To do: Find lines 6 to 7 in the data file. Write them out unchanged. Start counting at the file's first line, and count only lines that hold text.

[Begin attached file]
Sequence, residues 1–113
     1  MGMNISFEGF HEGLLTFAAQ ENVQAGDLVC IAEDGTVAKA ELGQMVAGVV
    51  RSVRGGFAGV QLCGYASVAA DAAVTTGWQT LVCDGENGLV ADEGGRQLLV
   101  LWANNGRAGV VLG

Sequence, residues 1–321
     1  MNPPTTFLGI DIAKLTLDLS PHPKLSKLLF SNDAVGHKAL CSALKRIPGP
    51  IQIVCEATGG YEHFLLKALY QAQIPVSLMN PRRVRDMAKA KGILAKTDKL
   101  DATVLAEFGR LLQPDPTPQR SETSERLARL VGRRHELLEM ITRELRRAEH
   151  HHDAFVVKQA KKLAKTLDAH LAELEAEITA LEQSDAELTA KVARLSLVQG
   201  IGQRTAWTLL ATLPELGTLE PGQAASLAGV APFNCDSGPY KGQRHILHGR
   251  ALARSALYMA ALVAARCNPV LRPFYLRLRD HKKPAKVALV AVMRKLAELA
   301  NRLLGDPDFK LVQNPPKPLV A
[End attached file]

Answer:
     1  MNPPTTFLGI DIAKLTLDLS PHPKLSKLLF SNDAVGHKAL CSALKRIPGP
    51  IQIVCEATGG YEHFLLKALY QAQIPVSLMN PRRVRDMAKA KGILAKTDKL